Collective actioncan be mobilized byestablishing greenagendas as a normin an institution.Factors preventingor slowing changecan be addressedtogether with acommon goal, anenhanced motivationand collective actionInstilling consciousness, motivationto develop a green cultureStaff and students in learning institutionsmay not have reached the point ofunderstanding what needs to be changed toachieve sustainable development. Even whenthey appreciate the issues, they may notpossess the motivation to be part of a biggertransformational agenda that is possiblethrough a collective movement. It is firstnecessary to ensure that there is a collectiveappreciation of the changes in the economyand society that are needed to achievesustainability. Then it is necessary for themto act corresponding to these changes.Collective action can be mobilized byestablishing green agendas as a norm in aninstitution. Factors preventing or slowingchange can be addressed together with acommon goal, an enhanced motivation andcollective action to demonstrate good practices.This paves the way for developing a new cultureand guiding those involved so that changes dotake place.The greening of TVET institutions will notonly add value to the normal institutionaldevelopment process, it will stimulate progresstowards a learning and evolving demonstrate goodpractices. This pavesthe way for developinga new culture andguiding those involvedso changes do takeplace.POINTS TO CONSIDER:TVET has a role to play in ensuring that the knowledge, skills and competencies acquiredby individuals will enable them to contribute to the developing green economy, andindeed to pursue sustainable practices in other areas of their lives. A green economy isone ‘that results in improved human well-being and social equity, while significantlyreducing environmental risks and ecological scarcities’ (UNEP, 2011). This is crucial if weare to move towards sustainable societies.18GREENING TECHNICAL AND VOCATIONAL EDUCATION AND TRAINING. A PRACTICAL GUIDE FOR INSTITUTIONS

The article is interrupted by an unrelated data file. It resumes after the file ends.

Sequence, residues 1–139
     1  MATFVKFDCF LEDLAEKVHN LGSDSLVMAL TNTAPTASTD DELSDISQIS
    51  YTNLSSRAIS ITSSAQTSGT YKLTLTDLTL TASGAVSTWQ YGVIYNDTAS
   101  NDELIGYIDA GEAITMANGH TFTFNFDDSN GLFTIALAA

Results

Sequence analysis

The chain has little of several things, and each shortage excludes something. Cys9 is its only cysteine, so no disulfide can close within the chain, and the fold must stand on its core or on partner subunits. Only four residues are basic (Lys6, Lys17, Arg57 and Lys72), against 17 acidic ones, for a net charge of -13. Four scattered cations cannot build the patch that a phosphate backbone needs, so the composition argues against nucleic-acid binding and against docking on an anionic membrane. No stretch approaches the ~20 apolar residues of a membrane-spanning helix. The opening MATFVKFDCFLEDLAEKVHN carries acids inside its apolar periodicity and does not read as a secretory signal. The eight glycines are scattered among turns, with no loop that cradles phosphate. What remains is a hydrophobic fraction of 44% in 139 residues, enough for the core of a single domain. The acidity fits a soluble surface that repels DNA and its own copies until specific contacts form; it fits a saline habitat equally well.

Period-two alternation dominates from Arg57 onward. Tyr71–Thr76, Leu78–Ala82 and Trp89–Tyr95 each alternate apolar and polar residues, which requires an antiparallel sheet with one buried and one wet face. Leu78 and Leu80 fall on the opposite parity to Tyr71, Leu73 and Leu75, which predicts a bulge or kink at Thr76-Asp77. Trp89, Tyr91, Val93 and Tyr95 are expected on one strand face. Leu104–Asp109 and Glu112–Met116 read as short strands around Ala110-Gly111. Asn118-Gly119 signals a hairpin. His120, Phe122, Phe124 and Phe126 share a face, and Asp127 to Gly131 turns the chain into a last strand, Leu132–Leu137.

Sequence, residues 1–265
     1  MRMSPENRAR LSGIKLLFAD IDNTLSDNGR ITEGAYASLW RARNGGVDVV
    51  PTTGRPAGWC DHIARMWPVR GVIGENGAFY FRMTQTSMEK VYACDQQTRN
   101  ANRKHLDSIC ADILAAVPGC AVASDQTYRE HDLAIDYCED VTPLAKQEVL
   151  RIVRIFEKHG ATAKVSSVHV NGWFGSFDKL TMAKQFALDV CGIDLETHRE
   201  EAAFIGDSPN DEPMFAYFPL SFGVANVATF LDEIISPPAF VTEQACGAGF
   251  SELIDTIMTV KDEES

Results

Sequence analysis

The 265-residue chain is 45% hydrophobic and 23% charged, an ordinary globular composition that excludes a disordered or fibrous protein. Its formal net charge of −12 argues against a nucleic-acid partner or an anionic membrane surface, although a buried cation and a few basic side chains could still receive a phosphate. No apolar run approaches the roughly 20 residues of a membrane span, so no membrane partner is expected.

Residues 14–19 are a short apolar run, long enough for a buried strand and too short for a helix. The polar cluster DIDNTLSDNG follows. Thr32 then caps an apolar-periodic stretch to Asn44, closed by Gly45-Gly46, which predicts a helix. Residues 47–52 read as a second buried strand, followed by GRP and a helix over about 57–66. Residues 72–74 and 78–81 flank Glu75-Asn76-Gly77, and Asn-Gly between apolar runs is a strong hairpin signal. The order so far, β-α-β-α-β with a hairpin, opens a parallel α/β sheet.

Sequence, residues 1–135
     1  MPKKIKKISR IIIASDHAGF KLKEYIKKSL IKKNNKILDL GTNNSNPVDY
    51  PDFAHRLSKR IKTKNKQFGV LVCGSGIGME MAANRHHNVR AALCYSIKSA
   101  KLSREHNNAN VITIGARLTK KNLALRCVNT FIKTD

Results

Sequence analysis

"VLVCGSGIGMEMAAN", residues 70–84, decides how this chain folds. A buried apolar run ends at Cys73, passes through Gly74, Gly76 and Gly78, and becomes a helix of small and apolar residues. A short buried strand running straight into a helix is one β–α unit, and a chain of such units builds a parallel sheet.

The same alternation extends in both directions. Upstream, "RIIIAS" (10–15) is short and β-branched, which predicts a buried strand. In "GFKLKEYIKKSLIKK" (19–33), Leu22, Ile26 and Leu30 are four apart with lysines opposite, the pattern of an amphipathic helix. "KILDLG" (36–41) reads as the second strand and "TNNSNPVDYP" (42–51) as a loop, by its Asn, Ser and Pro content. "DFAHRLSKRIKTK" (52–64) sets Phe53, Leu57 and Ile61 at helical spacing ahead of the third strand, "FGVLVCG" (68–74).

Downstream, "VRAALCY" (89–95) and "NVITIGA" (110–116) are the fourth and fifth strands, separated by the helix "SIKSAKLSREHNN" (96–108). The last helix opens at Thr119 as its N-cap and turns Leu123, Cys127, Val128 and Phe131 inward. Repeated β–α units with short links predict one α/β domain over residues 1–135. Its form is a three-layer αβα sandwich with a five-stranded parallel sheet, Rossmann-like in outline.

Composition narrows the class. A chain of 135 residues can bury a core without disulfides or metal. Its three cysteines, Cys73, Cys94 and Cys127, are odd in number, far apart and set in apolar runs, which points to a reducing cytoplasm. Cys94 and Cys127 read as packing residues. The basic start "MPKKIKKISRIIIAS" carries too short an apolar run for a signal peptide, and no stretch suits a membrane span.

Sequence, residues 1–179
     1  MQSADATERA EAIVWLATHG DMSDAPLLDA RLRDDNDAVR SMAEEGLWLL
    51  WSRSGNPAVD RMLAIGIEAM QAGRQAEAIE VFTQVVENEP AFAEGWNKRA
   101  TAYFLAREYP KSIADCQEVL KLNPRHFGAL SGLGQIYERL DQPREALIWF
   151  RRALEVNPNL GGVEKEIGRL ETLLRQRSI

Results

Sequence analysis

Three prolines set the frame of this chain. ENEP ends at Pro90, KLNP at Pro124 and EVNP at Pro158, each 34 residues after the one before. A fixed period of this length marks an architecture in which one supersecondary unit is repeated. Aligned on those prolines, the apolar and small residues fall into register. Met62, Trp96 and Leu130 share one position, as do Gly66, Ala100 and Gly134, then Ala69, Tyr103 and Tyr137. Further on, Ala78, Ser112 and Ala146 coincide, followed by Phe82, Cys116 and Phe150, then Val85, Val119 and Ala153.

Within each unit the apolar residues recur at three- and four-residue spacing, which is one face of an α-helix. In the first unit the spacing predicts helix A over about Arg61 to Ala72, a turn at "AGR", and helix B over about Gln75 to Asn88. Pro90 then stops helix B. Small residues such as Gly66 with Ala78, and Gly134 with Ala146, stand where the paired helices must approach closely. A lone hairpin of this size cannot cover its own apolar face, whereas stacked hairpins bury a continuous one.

Investing in greening TVETA global momentum has been created f

this Guide are an illustration of a systematic journey towards empowering TVET institutions to adapt to the changing needs of the green economy, and sustainable and digital societies. Where greening is a national priority, it is deemed necessary for TVET institutions to support transitional progress to sustain these efforts.